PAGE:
Albert A. Grant, RNRF Board Member; Former President, American Society of Civil Engineers; Consulting Civil Engineer
Erik Hankin, RNRF Board Member, Public Affairs Specialist, American Geophysical Union
John W. Hess, RNRF Board Member; Executive Director, The Geological Society of America
Paul Higgins, RNRF Board Member; Director, Policy Program, American Meteorological Society
Christopher Lant, Head, Department of Environment and Society, College of Natural Resources, Utah State University; Former RNRF Board Member; Former Executive Director, Universities Council on Water Resources
Julie McClure
, Science Policy Manager, Crop Science Society of America, Soil Science Society of America, American Society of Agronomy
Howard Rosen, RNRF Board Member; Former President, Society of Wood Science and Technology
Nancy C. Somerville, Alternate Director, RNRF Board of Directors; Executive Vice President, American Society of Landscape Architects
Barry Starke, RNRF Board Member; Former President, American Society of Landscape Architects; Principal, Earth Design Associates, Inc.
Kasey White, Alternate Director, RNRF Board of Directors; Director for Geoscience Policy, Geological Society of America

Staff Liaisons:
Melissa M. Goodwin, RNRF Program Director
Jennee Kuang, RNRF Research Associate
Carolyn Tilney, RNRF Policy Intern

Special Thanks To:
Jessica Ball, Science Policy Fellow, Geological Society of America
Kathryn Boor, Dean, College of Agriculture and Life Sciences, Cornell University
Noel Gollehon
, Senior Economist, Resource Economics, Analysis and Policy Division, USDA Natural Resources Conservation Service
Renee Johnson, Specialist in Agricultural Policy, Congressional Research Service
Carol Jones, Senior Economist, USDA Economic Research Service
Janet Perry,
Director, Resource Economics, Analysis and Policy Division, USDA Natural Resources Conservation Service
Mark Rosegrant, Division Director, Environment and Production Technology, International Food Policy Research Institute
Richard Waite, Associate, People and Ecosystems Program, World Resources Institute
Margaret Walsh, Senior Ecologist, USDA Climate Change Program Office
Charlie Walthall, National Program Leader, Natural Resources and Sustainable Agricultural Systems, USDA Agricultural Research Service


Congressional Forum on Climate Change and U.S. Food Production

RNRF hosted a congressional forum on climate change and U.S. food production at the Cannon House Office Building on July 21, 2015 in Washington, D.C. The forum followed the 2014 Congress on Adapting Food Production to a Changing Climate. Forum speakers discussed the effects of climate change on U.S. food production and examined federal funding for programs and research that support climate change resilience in agriculture.

Charlie Walthall, National Program Leader for the United States Department of Agriculture (USDA) Agricultural Research Service Climate Change, Soils and Air Quality Research Program, opened the forum with a presentation of the effects of climate change on the agroecosystem. Changing climate conditions that affect agricultural production include temperature increases, precipitation changes, and increasing atmospheric CO2 concentrations. Walthall stressed that water is the number one issue for agriculture in the 21st century. Drought, flooding, groundwater recharge and soil moisture are critical issues that must be addressed. Although individual farmers will likely be able to adjust to the effects of climate change in the near-term, the long-term health of the U.S. agricultural system will depend on efforts from the entire farming community, including managers, breeders, geneticists, industry, and NGOs.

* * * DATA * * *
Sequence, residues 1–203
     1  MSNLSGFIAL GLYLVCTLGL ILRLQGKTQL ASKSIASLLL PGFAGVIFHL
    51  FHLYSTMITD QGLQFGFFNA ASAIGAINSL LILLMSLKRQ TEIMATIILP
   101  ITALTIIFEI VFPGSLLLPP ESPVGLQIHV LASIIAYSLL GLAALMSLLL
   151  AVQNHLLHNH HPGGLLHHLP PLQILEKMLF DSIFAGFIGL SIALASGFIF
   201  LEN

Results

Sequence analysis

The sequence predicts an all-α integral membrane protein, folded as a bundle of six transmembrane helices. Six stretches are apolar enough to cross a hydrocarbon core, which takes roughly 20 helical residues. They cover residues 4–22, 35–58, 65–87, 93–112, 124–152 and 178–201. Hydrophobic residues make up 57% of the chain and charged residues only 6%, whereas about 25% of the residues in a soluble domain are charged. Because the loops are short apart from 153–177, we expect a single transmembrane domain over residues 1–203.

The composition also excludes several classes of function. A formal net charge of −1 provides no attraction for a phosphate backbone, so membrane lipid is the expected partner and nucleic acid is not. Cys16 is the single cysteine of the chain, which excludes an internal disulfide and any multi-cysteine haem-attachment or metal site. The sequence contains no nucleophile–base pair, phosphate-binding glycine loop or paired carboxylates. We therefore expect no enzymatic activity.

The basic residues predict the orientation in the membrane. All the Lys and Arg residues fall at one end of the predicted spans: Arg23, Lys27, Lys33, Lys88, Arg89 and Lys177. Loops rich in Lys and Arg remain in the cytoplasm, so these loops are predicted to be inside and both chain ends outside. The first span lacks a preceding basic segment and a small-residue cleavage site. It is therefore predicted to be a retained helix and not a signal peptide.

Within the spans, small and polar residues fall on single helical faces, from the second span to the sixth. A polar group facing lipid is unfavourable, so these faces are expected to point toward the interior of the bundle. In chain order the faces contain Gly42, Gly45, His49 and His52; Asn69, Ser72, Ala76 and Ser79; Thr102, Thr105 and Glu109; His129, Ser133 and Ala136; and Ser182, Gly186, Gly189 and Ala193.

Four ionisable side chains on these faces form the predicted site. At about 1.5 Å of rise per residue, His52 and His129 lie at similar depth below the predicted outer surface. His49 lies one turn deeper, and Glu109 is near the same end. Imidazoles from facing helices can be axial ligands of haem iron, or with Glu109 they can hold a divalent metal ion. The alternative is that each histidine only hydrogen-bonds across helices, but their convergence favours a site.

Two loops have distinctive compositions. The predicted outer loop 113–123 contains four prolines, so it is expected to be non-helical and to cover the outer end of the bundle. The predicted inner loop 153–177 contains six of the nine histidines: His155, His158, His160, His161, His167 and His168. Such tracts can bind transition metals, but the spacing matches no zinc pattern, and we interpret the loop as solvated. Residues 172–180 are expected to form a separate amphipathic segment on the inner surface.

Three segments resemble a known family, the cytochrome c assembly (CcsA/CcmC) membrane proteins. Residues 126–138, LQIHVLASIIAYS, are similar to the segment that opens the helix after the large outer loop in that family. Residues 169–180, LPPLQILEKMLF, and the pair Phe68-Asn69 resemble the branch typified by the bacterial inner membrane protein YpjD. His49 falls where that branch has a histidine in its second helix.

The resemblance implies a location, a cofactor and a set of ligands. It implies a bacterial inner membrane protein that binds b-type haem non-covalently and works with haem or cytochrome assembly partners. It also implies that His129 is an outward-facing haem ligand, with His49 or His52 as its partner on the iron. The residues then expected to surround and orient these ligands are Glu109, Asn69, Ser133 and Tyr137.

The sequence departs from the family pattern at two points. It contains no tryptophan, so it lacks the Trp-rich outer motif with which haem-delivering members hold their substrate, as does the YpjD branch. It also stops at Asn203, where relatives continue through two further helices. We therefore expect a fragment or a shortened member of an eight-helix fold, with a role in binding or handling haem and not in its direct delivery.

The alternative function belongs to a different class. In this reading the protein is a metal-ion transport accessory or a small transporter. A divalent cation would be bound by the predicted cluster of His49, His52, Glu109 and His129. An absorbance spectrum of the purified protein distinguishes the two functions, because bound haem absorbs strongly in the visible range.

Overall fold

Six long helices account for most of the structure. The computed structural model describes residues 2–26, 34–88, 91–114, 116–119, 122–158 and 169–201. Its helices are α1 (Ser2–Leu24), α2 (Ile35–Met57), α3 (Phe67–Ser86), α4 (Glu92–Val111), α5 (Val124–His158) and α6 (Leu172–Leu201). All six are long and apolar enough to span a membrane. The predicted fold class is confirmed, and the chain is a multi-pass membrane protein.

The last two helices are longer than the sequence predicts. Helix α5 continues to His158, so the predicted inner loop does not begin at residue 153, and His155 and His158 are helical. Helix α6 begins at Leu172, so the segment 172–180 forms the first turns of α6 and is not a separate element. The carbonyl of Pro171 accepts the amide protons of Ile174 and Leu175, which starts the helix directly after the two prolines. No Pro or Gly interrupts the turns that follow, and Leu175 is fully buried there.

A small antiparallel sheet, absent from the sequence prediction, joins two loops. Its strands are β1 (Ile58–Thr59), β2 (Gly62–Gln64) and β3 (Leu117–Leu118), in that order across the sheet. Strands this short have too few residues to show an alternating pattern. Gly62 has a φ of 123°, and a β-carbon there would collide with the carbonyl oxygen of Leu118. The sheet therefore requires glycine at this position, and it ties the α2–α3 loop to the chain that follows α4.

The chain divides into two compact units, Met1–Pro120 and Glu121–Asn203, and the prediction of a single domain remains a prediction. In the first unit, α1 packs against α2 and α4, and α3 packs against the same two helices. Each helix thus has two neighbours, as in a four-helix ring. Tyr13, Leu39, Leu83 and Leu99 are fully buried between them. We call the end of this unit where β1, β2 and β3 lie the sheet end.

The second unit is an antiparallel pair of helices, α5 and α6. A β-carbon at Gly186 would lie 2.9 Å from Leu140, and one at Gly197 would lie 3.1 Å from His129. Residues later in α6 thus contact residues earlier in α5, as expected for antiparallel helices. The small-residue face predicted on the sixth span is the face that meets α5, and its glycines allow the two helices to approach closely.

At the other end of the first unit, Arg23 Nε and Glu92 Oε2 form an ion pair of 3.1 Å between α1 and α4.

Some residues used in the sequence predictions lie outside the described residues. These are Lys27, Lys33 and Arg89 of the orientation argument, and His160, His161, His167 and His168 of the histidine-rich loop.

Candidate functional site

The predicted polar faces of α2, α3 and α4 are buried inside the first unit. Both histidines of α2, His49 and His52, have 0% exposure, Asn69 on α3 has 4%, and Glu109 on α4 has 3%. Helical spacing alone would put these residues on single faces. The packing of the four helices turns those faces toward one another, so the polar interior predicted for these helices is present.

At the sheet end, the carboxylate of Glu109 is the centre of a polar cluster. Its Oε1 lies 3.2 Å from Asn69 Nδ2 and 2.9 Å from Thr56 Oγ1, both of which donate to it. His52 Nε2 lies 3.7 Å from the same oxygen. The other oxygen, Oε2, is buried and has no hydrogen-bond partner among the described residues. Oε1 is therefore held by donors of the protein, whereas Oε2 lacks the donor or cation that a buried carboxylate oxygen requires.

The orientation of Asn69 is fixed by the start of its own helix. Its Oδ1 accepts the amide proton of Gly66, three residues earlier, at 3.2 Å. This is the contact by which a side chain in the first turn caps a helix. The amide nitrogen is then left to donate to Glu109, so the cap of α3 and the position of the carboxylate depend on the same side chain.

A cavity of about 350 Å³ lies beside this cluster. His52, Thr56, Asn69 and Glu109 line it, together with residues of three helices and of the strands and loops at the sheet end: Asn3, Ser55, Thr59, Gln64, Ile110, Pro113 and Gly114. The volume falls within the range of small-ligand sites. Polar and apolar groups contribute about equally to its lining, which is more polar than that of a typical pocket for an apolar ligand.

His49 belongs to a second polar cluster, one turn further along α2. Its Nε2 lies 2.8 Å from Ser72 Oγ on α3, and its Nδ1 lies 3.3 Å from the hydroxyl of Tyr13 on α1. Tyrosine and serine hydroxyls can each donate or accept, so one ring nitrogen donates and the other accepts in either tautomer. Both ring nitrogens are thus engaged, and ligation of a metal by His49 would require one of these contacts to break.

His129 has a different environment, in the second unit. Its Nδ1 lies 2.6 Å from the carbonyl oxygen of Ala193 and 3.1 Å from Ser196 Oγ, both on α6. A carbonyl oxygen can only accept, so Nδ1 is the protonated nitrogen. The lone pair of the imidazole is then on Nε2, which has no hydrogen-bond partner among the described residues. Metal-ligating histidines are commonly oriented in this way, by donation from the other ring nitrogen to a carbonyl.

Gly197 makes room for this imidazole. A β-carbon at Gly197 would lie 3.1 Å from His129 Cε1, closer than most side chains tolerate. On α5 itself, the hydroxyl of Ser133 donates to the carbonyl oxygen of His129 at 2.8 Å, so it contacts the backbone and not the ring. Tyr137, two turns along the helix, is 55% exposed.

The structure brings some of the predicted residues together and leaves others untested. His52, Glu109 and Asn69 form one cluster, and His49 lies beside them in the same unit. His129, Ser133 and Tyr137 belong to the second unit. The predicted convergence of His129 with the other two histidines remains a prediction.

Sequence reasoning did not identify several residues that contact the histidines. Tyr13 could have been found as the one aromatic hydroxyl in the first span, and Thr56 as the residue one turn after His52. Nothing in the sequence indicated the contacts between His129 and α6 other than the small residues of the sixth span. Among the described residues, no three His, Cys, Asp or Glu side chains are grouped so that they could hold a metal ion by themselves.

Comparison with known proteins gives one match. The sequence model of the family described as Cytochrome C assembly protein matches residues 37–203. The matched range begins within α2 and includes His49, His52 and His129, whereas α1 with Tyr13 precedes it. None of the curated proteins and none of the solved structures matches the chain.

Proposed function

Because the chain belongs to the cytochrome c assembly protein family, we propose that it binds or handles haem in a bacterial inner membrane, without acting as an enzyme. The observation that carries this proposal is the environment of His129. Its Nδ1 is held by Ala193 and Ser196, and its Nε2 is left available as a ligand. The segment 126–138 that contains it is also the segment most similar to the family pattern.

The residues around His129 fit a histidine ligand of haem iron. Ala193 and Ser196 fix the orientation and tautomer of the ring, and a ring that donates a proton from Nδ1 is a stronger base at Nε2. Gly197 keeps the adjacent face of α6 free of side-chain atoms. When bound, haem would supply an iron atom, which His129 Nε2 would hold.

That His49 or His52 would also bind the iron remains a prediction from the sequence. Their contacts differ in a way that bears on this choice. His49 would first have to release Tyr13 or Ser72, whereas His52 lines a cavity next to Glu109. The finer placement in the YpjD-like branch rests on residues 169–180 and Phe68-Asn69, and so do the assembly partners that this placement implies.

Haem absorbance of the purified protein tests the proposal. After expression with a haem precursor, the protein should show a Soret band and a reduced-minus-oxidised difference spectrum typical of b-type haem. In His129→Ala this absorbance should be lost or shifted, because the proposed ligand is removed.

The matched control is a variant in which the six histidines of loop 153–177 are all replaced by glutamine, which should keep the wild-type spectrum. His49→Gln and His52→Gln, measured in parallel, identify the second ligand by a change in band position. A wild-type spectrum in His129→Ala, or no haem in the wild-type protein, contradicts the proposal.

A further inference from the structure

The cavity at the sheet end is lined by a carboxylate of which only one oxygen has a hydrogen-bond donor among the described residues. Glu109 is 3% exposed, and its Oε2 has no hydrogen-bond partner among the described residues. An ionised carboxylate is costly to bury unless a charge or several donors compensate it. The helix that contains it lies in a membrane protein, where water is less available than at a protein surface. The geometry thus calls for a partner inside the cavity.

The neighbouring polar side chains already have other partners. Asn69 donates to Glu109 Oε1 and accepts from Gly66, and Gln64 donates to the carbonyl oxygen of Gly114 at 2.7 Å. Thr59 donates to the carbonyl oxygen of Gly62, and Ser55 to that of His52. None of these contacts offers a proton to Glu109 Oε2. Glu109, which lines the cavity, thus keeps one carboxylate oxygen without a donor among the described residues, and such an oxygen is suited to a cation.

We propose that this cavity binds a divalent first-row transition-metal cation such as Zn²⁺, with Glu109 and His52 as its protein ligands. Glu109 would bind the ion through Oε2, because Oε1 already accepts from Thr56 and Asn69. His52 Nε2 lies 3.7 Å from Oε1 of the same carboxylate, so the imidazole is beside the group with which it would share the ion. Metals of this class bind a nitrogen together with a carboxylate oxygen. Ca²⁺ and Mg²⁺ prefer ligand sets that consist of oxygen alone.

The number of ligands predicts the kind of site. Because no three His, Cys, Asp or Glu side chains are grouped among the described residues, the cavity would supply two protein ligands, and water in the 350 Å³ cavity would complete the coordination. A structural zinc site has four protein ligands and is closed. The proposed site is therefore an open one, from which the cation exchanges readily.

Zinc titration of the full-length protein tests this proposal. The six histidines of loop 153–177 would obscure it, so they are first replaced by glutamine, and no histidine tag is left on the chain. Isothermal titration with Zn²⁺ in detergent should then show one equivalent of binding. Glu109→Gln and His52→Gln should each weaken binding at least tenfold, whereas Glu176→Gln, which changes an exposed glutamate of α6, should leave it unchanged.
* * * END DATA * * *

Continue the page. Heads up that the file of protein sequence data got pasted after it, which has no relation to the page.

Dr. Walthall’s presentation can be downloaded here.

Bethany Johns, Science Policy Manager for the American Society of Agronomy, Crop Science Society of America, and Soil Science Society of America, concluded the forum with an examination of federal funding for USDA programs and research that support climate change adaptation in agriculture. A strategic goal of USDA is to “ensure our national forests and private working lands are conserved, restored, and made more resilient to climate change, while enhancing our water resources.” Johns emphasized three takeaway messages in her presentation: 1) Climate science research, adaptation, and mitigation are intrinsic to the mission of USDA and the programs that the department funds, 2) Federal budget constraints are causing an innovation deficit in food and agriculture science, and 3) The United States is falling behind in investment for agricultural research and development.

Dr. Johns’ presentation can be downloaded here.



Individuals attending Renewable Natural Resources Foundation events may be videotaped, audiotaped or photographed during the course of a meeting. By attending the RNRF Congress on Adapting Food Production to a Changing Climate: Identifying Tactics and Establishing Priorities, delegates grant RNRF the right to use your name, photograph, biography, and the content of any comments, if any, in RNRF educational, news, or promotional material, whether in print, electronic or other media, including the RNRF website.